UPDATE: replace require.js with 24 lines of unobtrusive Javascript

For a few weeks now I've been working on converting code that relies on an in-house Javascript dependency manager, to require.js. My current employer had already been doing this on one project when I started a month ago, and the innovation they've allowed me to introduce for accomplishing this on a different project, is to generate/transform the code with a node application. Good thing too because I've compared the projects and I'm dealing with close to 100 files, whereas the other project didn't entail even 20.

One problem endemic to Javascript dependency managers in general, which I've encountered with both the in-house version, and require.js, is lack of ease of debugging. Because files are dynamically included, break-points you set in files vanish when you do a (hard) refresh.

But there is another problem specific to require.js that our in-house dependency manager avoided, perhaps inadvertently: circular references. To quote the creator of require.js himself, James Burke, regarding circular references: "this is indeed a restriction"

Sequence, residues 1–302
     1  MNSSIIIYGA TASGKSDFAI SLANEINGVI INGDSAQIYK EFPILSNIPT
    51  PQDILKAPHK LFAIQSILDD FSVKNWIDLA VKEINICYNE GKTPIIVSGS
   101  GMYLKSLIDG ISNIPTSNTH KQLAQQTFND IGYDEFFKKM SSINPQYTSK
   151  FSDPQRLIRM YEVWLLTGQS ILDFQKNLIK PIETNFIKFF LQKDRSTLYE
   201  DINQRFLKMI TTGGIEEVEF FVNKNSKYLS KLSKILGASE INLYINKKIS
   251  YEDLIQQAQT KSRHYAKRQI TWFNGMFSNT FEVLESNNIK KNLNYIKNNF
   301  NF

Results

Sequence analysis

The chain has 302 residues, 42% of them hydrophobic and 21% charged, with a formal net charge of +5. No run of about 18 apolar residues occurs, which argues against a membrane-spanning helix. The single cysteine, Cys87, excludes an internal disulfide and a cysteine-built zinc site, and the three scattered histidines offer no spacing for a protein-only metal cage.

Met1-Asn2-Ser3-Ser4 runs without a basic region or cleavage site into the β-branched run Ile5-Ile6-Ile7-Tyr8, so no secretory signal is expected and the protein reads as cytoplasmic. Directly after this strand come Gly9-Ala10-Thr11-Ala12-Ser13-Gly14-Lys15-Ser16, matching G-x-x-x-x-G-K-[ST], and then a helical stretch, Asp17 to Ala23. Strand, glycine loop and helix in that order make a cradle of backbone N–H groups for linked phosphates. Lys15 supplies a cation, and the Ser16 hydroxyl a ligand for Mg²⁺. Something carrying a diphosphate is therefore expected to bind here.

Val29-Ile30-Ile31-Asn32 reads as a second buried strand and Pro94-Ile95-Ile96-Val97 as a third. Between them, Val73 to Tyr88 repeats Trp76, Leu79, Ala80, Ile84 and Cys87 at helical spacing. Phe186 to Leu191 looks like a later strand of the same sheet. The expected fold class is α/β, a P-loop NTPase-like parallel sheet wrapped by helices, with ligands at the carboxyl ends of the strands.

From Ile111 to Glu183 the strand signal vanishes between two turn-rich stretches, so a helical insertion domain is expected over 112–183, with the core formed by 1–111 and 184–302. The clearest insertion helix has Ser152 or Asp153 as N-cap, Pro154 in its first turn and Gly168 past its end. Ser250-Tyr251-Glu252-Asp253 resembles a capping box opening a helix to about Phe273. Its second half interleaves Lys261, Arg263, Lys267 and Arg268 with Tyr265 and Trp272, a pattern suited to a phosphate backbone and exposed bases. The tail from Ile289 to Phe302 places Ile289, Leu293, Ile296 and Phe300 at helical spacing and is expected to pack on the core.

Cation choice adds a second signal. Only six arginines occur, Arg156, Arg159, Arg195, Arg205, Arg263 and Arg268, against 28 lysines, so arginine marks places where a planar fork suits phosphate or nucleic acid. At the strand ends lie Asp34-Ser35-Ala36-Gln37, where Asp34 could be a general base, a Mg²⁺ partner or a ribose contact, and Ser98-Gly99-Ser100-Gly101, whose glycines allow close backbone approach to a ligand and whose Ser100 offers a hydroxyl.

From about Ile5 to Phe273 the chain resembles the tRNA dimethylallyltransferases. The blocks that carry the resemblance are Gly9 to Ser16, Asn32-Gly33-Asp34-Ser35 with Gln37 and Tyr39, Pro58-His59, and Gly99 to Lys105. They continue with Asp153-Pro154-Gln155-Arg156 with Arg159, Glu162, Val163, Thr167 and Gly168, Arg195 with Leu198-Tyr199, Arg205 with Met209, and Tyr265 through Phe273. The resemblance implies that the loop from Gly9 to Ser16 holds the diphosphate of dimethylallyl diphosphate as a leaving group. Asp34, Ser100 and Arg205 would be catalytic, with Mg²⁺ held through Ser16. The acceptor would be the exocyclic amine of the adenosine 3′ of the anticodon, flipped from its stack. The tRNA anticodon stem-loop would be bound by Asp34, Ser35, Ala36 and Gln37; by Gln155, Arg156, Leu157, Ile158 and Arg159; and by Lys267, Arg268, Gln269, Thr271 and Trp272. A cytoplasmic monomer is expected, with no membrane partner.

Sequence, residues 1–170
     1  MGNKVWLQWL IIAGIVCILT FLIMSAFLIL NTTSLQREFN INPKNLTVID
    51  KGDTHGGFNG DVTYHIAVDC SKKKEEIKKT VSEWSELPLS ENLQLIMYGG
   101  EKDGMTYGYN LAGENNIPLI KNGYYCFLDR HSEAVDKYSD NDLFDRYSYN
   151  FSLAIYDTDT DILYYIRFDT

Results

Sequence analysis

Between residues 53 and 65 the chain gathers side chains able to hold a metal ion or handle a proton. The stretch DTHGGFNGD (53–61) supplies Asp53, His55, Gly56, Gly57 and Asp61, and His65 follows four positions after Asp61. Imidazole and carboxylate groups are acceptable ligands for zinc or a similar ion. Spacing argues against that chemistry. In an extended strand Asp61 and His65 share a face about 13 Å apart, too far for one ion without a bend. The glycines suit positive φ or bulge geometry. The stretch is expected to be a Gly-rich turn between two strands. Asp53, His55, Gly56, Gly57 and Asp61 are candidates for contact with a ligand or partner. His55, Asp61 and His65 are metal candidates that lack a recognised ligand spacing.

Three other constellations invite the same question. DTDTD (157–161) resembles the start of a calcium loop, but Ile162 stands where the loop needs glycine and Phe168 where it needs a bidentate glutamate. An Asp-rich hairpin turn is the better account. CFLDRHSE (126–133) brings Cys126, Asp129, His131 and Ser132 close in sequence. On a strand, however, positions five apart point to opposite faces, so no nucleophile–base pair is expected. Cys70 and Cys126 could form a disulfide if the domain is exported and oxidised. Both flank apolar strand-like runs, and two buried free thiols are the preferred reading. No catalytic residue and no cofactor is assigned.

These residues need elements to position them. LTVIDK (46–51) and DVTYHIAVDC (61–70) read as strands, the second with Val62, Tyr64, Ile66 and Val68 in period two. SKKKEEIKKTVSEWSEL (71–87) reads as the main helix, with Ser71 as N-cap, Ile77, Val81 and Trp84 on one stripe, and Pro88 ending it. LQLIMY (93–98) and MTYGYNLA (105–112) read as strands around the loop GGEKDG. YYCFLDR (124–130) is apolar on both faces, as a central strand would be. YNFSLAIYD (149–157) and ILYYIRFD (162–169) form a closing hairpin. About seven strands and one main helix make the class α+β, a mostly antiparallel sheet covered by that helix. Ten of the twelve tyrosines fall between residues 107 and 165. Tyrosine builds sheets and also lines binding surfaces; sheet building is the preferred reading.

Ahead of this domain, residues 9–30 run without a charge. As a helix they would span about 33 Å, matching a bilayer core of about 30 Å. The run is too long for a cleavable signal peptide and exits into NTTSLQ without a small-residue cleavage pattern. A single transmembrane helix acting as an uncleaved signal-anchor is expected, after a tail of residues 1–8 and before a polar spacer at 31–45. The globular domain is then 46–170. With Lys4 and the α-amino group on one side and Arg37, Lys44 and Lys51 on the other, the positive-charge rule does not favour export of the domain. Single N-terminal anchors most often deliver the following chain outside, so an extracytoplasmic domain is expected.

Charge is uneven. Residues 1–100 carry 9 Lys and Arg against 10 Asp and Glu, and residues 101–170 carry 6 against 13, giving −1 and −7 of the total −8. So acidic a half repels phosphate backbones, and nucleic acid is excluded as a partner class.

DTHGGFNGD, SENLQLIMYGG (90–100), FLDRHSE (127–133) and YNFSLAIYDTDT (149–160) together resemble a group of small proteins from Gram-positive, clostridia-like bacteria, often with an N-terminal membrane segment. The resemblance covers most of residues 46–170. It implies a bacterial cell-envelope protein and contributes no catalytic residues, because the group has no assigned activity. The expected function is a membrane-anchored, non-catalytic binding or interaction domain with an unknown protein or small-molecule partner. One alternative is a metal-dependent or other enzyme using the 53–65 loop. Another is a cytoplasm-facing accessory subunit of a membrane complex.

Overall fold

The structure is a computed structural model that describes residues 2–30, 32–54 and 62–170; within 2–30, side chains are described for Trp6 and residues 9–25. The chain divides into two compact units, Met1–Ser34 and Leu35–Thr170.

Our in-house system avoided the problem by exporting all modules as globals. Absolutely sub-optimal of course, unless they are all organized within just one global object. Yeah, that's right, I'm suggesting the namespace pattern, not unlike the purported "solution" to the circular reference problem with require.js similarly suggesting creating a global "exports" namespace.

In any event, the in-house dependency manager therefore only required that modules be specified as requirements in an array, but unlike require.js did not also require that these same modules be passed into a callback function as an argument list, thereby violating DRY ("don't repeat yourself") In fairness I can think of a workaround to this, something such as:

(function() {
    var reqs = [x, y, z];

    require(reqs, //and return a function call with .apply(..., reqs) to pass the reqs as arguments
    ....

But now your code is turning into anything other than POJS (plain old Javascript):

  • It must be organized the way require.js requires
  • It must be hacked to avoid violating DRY
  • It must be hacked to solve the admitted problem of circular references

And even then, debugging is still problematic. All of which can be avoided through a) name-spacing and b) discipline, namely the discipline of:

  • Avoiding executable code outside of module methods
  • Allowing for a single entry point, specified in the last (of course) javascript file to be script/src'd

Since I've been adhering to the above for a number of years, now that I've seen the severe warts that require.js entails, I would never voluntarily use it until these issues get addressed. YMMV.


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